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Prenatal Move – Abouts

What can I do in labor that will help it to progress well?
There are four things pregnant women in labor need to remember that can have a profound positive impact on their labors.
  1. Move into optimal pelvic positions to create more space for your baby to move through your pelvis for birth.
  2. Keep hands relaxed during all contractions.
  3. Keep hydrated – drink water and juice.
  4. Believe in your body wisdom that knows how to give birth.
Here’s what else you can do…
  • In the weeks before your due date, scrub the floor on your hands and knees. This is a position that obeys all of the Four Principles of Optimal Pelvic Positioning taught by BirthWorks International.
  • Walk up and down steps sideways. This helps the hips to move asymmetrically (unevenly) which increases the space in which the baby can move.
  • Breathe in deeply with arms overhead. In the last trimester, this position helps to lift the rib cage up off the fundus of the uterus so the lower lung fields can aerate well and prevent a condition called atelectasis (collapse of alveoli).
  • Drop your chest to the floor while on hands and knees and feel the good stretch. This is referred to as the “polar bear” position and helps the fetus find a more optimal position.
  • Tie a rope or rebozo in a knot at one end and insert in top of door. Close door. Hang from rope with two hands and feel the stretch of your trunk going up balancing the stretch going down.  Then sway side to side. This opens the pelvis making more room for the baby. Make hip circles in figure eights.  This helps the pelvis to shift side to side and makes more space for the baby in which to move.  Great to do while lunging with one foot up on a low stool.
  • In full kneeling over a therapy ball, rock in small circles to the right and then to the left. This position allows the upper body to relax over a birthing ball, stretching the trunk up, and shifting hips side to side opening the pelvis for the baby.
  • Slow dancing with hands on hips or around partner’s shoulders. This is a great position to do between contractions, with arms around your partner it offers the stretch on the trunk and moves the pelvis side to side, helping to open it for birth.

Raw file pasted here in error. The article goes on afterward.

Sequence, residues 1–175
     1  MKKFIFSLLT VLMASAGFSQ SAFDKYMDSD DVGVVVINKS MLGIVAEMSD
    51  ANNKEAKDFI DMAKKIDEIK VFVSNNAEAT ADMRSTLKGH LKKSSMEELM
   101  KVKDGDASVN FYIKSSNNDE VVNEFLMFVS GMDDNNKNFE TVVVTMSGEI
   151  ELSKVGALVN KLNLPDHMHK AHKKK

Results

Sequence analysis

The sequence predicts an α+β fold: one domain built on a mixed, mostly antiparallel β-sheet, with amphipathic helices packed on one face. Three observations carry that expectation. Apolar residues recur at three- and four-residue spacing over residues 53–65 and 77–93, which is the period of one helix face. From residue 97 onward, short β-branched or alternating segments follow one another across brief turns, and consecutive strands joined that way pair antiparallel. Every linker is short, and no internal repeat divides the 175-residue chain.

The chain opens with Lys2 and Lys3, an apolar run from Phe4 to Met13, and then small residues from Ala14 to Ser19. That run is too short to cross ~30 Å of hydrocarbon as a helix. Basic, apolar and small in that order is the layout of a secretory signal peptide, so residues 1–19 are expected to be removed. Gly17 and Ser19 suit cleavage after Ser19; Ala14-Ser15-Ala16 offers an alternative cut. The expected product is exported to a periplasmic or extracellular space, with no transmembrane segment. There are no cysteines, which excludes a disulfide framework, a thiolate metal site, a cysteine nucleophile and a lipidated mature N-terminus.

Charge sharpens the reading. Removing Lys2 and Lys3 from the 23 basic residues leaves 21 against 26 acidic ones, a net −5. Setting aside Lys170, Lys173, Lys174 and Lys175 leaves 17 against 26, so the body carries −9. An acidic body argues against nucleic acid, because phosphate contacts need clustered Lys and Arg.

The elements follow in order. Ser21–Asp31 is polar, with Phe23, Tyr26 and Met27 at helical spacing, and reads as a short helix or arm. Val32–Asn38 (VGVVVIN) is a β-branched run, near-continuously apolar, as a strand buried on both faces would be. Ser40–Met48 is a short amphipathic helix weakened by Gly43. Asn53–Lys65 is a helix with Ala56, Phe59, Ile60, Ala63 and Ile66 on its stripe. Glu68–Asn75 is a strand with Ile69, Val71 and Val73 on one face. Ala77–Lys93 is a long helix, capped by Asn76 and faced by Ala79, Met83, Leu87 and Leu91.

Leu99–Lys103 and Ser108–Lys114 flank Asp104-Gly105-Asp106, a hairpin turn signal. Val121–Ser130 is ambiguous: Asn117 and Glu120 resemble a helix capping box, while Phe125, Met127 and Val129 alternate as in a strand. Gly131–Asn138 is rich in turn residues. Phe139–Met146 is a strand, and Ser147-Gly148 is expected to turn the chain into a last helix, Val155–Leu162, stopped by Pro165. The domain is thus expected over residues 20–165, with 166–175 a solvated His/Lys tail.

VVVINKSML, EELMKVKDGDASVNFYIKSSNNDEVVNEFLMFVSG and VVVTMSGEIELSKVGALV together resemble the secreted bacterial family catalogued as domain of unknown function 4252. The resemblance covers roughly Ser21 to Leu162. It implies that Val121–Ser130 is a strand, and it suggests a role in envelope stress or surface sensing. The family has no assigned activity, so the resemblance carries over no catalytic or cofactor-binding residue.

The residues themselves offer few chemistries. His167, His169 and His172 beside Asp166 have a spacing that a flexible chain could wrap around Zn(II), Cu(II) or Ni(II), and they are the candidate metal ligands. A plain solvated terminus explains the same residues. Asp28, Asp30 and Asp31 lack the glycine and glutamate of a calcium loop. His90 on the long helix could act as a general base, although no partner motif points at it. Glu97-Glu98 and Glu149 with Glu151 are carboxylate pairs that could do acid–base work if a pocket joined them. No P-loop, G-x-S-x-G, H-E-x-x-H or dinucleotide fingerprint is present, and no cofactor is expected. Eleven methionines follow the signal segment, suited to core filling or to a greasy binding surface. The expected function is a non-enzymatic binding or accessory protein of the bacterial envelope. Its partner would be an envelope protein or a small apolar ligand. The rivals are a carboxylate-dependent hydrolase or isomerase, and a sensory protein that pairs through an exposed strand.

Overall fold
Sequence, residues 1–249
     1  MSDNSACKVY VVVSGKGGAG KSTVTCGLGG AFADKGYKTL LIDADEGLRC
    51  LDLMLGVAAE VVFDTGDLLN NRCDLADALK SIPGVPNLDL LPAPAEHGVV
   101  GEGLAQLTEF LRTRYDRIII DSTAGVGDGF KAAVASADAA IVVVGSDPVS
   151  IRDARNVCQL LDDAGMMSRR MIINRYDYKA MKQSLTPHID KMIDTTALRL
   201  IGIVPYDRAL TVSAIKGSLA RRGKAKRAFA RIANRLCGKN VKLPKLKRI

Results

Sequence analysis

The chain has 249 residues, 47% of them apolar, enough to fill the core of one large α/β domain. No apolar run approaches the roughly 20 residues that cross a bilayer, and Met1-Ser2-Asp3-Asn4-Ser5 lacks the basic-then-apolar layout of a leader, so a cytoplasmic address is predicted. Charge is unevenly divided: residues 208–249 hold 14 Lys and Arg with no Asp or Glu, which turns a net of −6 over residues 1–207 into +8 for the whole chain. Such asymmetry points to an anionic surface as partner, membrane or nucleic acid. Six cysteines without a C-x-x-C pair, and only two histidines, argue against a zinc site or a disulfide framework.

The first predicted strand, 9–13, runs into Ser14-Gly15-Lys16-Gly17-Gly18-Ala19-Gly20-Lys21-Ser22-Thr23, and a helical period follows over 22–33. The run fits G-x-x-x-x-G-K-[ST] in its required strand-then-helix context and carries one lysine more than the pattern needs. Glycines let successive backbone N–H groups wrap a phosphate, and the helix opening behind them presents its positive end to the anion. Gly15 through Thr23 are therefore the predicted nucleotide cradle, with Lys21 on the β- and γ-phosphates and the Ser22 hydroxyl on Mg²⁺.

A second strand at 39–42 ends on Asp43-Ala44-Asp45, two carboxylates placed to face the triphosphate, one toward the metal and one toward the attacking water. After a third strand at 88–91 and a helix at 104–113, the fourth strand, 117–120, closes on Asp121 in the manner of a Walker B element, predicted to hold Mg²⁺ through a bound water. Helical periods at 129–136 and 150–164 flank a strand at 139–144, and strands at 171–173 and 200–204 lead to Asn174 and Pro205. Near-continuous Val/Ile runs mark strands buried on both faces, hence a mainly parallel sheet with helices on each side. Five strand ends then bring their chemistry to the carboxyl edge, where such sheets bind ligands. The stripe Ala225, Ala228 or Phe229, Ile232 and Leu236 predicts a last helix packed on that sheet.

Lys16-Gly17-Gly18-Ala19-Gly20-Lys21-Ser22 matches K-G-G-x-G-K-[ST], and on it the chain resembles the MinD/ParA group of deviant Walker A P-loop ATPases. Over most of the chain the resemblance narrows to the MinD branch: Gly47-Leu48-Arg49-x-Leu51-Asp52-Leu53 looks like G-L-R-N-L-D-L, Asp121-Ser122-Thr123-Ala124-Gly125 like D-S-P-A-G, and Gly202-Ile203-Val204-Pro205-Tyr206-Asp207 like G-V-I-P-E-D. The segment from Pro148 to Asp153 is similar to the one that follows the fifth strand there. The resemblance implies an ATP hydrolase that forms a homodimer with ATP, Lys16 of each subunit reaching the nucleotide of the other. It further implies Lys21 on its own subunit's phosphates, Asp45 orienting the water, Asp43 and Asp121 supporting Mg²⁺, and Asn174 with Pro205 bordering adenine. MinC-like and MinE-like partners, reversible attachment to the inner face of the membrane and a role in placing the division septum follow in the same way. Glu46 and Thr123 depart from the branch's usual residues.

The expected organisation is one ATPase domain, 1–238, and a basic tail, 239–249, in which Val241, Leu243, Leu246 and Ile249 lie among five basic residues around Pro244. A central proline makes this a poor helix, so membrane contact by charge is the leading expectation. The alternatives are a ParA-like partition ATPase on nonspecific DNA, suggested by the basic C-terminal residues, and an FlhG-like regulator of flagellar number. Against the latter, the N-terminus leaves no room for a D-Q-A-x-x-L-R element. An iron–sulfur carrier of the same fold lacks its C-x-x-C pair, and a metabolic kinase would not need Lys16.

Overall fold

• Pelvic tilts on hands and knees or against a wall. On hands and knees, hump your back up like a cat.  Hold for five seconds.  Then drop your back low, letting it sink down.  Hold for five seconds.  This shifts the sacrum of the pelvis and opens the pelvis more for the baby to move down.  It also stretches the low back muscles which may be tight with the weight of the baby being forward in the last trimester. This can also be done against a wall standing with your back to the wall and heels touching the wall.  Place your hands behind your low back and push your back against your hands to the wall.  Hold five seconds and then relax.
  • Drinking water and juices: Keeping yourself hydrated is one of the most important ways to help your cervix dilate to give birth.  Earlier in labor juices work well to give you calories for the hard work of labor. Towards the end of labor, most women just want water.  Drinking water/juice also helps a woman in labor to need to sit on the toilet more, a great place for labor where we are already conditioned to let go.
  • Develop an affirmation – a positive thought pattern- and say it over and over again, every day. Example “My body knows how to give birth.” Or “I am a strong and capable woman,” or “Strong contractions birth my baby,” or “ I relax into each contraction.”
  • Another interesting idea is to decide how long you want to labor. Giving your body this message can influence your labor more than you may realize.  This is based on a labor where you can move about into optimal pelvic positions.

And above all, remember:

“There is a secret in our culture,
and it’s not that birth is painful.
It’s that women are strong.”
—Laura Stavoe Harm